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In This Article
   Abstract
   Introduction
   Case Report
   Discussion
   References

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 Table of Contents    
DRUG WATCH
Year : 2011  |  Volume : 43  |  Issue : 1  |  Page : 80-81
 

Methylphenidate-induced mania-like symptoms


1 Department of Psychiatry, Institute of Neurosciences, Kolkata, 185/1, A.J.C. Bose Road, Kolkata - 700 017, India
2 Department of Psychiatry, Post Graduate Institute of Medical Education and Research, Chandigarh - 160 012, India

Date of Submission01-Jul-2010
Date of Decision06-Sep-2010
Date of Acceptance21-Oct-2010
Date of Web Publication15-Jan-2011

Correspondence Address:
Kaustav Chakraborty
Department of Psychiatry, Institute of Neurosciences, Kolkata, 185/1, A.J.C. Bose Road, Kolkata - 700 017
India
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Source of Support: None, Conflict of Interest: None


DOI: 10.4103/0253-7613.75678

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 ╗ Abstract 

Therapeutic dose of methylphenidate is known to cause adverse effects (psychosis or mania), albeit in a small number of cases. Signs and symptoms of adverse effects usually disappear on stopping the medicine. Data regarding the safety of methylphenidate in comorbid attention deficit hyperactivity disorder (ADHD) and mental retardation are nonexistent. We describe a case of an 11-year-old girl with ADHD and mental retardation treated with methylphenidate, who developed mania like symptoms requiring inpatient treatment. The index case required psychopharmacological intervention with sodium valproate and olanzapine as the symptoms did not subside even after 3 days. This case highlights the fact that one has to exercise caution while prescribing methylphenidate in patients with comorbid ADHD and mental retardation.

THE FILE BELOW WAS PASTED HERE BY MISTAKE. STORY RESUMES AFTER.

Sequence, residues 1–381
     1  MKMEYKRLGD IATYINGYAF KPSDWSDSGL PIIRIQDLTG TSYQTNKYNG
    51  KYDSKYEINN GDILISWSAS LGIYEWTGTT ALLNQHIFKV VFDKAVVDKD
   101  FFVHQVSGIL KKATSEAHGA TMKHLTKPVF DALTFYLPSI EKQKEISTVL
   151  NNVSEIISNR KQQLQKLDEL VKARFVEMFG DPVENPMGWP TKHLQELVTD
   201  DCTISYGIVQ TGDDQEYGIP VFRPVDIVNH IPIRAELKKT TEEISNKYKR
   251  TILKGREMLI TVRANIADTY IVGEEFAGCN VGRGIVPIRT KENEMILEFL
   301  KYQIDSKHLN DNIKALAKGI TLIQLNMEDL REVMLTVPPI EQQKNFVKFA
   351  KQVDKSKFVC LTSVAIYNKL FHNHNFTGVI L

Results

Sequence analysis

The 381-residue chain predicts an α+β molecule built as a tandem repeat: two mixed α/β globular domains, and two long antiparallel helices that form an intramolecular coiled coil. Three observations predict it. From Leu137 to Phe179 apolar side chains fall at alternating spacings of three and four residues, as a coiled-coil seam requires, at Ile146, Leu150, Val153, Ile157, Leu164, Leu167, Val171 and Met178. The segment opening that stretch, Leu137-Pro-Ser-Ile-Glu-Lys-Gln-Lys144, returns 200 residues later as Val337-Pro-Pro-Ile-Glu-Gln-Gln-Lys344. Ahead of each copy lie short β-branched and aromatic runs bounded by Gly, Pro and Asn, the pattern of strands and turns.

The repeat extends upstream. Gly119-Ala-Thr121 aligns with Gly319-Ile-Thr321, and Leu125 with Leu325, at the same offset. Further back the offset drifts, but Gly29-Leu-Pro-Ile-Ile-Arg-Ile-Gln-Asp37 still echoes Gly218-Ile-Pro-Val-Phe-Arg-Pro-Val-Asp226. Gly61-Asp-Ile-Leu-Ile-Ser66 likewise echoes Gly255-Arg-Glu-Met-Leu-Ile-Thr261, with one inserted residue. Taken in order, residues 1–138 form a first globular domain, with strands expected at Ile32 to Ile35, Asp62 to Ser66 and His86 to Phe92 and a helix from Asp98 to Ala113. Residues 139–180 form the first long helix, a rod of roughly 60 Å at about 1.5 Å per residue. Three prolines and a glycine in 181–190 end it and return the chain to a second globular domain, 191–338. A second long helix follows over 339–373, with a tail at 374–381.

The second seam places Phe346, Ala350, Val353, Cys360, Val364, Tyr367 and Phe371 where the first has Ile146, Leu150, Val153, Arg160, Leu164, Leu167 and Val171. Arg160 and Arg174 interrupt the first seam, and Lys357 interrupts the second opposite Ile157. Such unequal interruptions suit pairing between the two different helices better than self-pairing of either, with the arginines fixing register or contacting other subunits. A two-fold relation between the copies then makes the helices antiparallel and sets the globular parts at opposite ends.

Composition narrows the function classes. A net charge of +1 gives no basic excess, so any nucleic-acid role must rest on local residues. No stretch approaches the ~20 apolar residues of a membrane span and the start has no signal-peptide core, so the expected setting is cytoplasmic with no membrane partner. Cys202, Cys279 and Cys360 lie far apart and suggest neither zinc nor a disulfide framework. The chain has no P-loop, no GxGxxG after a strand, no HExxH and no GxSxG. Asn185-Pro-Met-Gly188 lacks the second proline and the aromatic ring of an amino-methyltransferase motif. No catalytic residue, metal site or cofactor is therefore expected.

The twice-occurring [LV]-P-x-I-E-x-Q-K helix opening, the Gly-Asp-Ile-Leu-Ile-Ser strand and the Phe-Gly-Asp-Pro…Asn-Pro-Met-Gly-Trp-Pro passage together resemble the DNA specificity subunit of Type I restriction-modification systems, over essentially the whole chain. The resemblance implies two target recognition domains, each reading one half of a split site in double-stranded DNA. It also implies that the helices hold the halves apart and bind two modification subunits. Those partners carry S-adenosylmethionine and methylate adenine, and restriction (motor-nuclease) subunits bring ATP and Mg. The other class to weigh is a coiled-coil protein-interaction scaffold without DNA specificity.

Keywords: Adverse drug effect, attention deficit hyperactivity disorder, mental retardation, Methylphenidate, psychosis/mania


How to cite this article:
Chakraborty K, Grover S. Methylphenidate-induced mania-like symptoms. Indian J Pharmacol 2011;43:80-1

How to cite this URL:
Chakraborty K, Grover S. Methylphenidate-induced mania-like symptoms. Indian J Pharmacol [serial online] 2011 [cited 2021 Dec 1];43:80-1. Available from: https://www.ijp-online.com/text.asp?2011/43/1/80/75678



 ╗ Introduction Top


The first report of stimulant-induced psychosis like or mania like symptoms in children included description of three cases, which the authors labeled as "methylphenidate hallucinosis". [1] Since then, stimulants have been reported to induce euphoria, grandiosity, paranoid delusions, confusion, hallucinations, and increased aggression. [2],[3],[4] Over the years, the term "stimulant associated adverse drug effect" is used to describe the manic-like or psychotic like features associated with stimulants. In a review of data by Food and Drug Administration, "stimulant associated adverse drug effect" was reported to occur at a rate of 0.25%, i.e., an incidence of 1 in 400 children receiving stimulants in therapeutic doses. [5] Another review which included data from 49 randomized controlled trials found the rate of stimulant-induced psychosis/mania to be 1.48 per 100 person-years. [3] Although methylphenidate is in use in India for more than a decade, no case of adverse drug effect has been reported from India. Moreover, data regarding the safety of methylphenidate in patients of comorbid attention deficit/hyperactivity disorder (ADHD) and mental retardation are sparse.

We report a case of methylphenidate-induced mania like symptoms and discuss the risk factors associated with development of stimulant associated adverse drug effect.